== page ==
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The Premier League -v- Everton Football Club Company Limited

29th Apr 2024

On Monday 8 April 2024, a Premier League Commission (the “Commission”) determined that Everton FC (“Everton”) should receive an immediate deduction of two points for its breach of the Premier League’s Profitability and Sustainability Rules (“PSR”). James Drake KC was appointed as the Chair of the Commission. Kwadjo Adjepong and Michael Kaltz were appointed as members of the Commission. Dave Barnard was appointed as Clerk to the Commission.

The PSR require clubs within the Premier League to lose no more than £105 million over three assessment periods. Everton admitted that, over the assessment periods ending in 2023, it had exceeded the £105 million threshold by c.£16.6 million.

Despite admitting that breach, Everton argued that it should not be penalised further because it had already received a penalty of six points within the current season following the determination of proceedings concerning the three assessment periods ending in 2022 (in which it received a ten-point penalty which was reduced to six points on appeal). In that regard, Everton relied upon the guidelines adopted by the English Football League (the “EFL”), which (if applied to Everton) would lead to no further penalty.

Additionally, Everton relied upon various further heads of mitigation, including the fact that it admitted its breach at an early stage, that it had co-operated exceptionally with the Premier League, that it had lost £20 million of sponsorship income as a result of the conflict between Russia and Ukraine, and that its broader financial circumstances included the construction of its new stadium at Bramley-Moore Dock.

Everton also argued that any penalty should be postponed into the next season, which was said to be appropriate because Everton received a six-point penalty within this season for its 2022 PSR breach.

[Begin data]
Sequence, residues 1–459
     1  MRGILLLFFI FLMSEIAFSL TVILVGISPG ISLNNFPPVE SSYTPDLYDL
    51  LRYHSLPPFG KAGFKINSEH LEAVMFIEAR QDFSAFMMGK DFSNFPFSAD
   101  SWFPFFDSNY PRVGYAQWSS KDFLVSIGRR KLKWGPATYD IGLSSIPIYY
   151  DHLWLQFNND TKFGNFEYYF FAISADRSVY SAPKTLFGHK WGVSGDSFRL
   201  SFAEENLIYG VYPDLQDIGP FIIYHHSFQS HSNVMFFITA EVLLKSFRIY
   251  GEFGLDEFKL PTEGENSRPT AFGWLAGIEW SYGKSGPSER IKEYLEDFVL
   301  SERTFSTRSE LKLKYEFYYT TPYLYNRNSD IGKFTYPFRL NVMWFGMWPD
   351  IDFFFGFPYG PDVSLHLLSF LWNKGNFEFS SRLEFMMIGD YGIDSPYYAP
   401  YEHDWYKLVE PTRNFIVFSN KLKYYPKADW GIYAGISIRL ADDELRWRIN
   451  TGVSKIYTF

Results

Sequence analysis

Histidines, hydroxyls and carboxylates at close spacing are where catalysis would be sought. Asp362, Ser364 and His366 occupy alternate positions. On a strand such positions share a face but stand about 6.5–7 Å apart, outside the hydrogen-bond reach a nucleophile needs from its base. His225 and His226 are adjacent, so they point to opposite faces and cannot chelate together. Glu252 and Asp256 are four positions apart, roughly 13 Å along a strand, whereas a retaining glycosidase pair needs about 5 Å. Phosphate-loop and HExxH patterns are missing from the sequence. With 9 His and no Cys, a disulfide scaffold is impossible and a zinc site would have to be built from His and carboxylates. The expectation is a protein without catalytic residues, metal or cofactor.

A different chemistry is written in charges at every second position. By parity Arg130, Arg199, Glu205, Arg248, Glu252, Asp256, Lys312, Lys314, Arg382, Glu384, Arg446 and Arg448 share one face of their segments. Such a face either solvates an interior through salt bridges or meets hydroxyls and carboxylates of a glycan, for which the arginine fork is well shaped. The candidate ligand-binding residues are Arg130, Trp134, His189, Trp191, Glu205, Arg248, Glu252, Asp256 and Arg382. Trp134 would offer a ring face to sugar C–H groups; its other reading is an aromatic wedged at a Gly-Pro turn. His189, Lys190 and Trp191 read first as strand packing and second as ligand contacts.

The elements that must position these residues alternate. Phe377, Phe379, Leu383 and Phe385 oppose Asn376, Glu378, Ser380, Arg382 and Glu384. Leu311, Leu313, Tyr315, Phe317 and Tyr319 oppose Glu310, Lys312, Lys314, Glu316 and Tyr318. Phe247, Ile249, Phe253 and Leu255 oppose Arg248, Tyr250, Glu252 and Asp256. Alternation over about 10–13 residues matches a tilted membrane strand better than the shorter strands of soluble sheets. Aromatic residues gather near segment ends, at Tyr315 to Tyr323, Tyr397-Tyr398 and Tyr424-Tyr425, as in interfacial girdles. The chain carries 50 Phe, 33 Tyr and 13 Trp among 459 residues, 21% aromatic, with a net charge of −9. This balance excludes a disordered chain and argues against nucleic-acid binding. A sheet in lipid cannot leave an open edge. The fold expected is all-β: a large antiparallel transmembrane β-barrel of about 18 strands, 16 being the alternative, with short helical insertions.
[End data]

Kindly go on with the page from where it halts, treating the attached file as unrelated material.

The Commission considered the various recent authorities, and in particular the decision of the Appeal Board in the Everton FY22 Proceedings and the recent decision of a differently-constituted Premier League Commission in Nottingham Forest FC’s admitted breach of the PSR. The Commission reached the following conclusions.

  1. Any breach of the PSR is significant and justifies a deduction of three points.
  2. Thereafter, the penalty should be increased to reflect the extent of the breach. Everton had breached the PSR by £16.6 million, which justified a deduction of a further two points. The ‘starting point’ for Everton’s penalty was, therefore, a deduction of five points.
  3. In relation to the mitigation relied upon by Everton:
    • The Commission accepted that Everton had been penalised in the 2022 proceedings for losses in years which overlapped with the years at issue in the 2023 proceedings. However, it was not appropriate to transpose or to apply the EFL’s guidelines, in particular because such guidelines had not been adopted by the Premier League. Ultimately, the Commission concluded that Everton’s penalty should be reduced by two points to take into account the overlapping assessment periods.
    • The Commission also accepted that Everton had lost £20 million of sponsorship revenue, which was sufficiently exceptional to amount to mitigation, and that Everton admitted its breach at an early stage of the proceedings, which was deserving of recognition. For those two heads of mitigation, the penalty was reduced by a further point.
  4. Taking into account mitigation, the Commission concluded that Everton should receive an immediate penalty of two points. The Commission determined that, in the interests of fairness to all other clubs, it was not appropriate to postpone that penalty until next season.

The Premier League alleges that Everton has exceeded the threshold by a further £16.96 million. That allegation will not be determined within the current Premier League season.

The Commission’s decision is available in full here.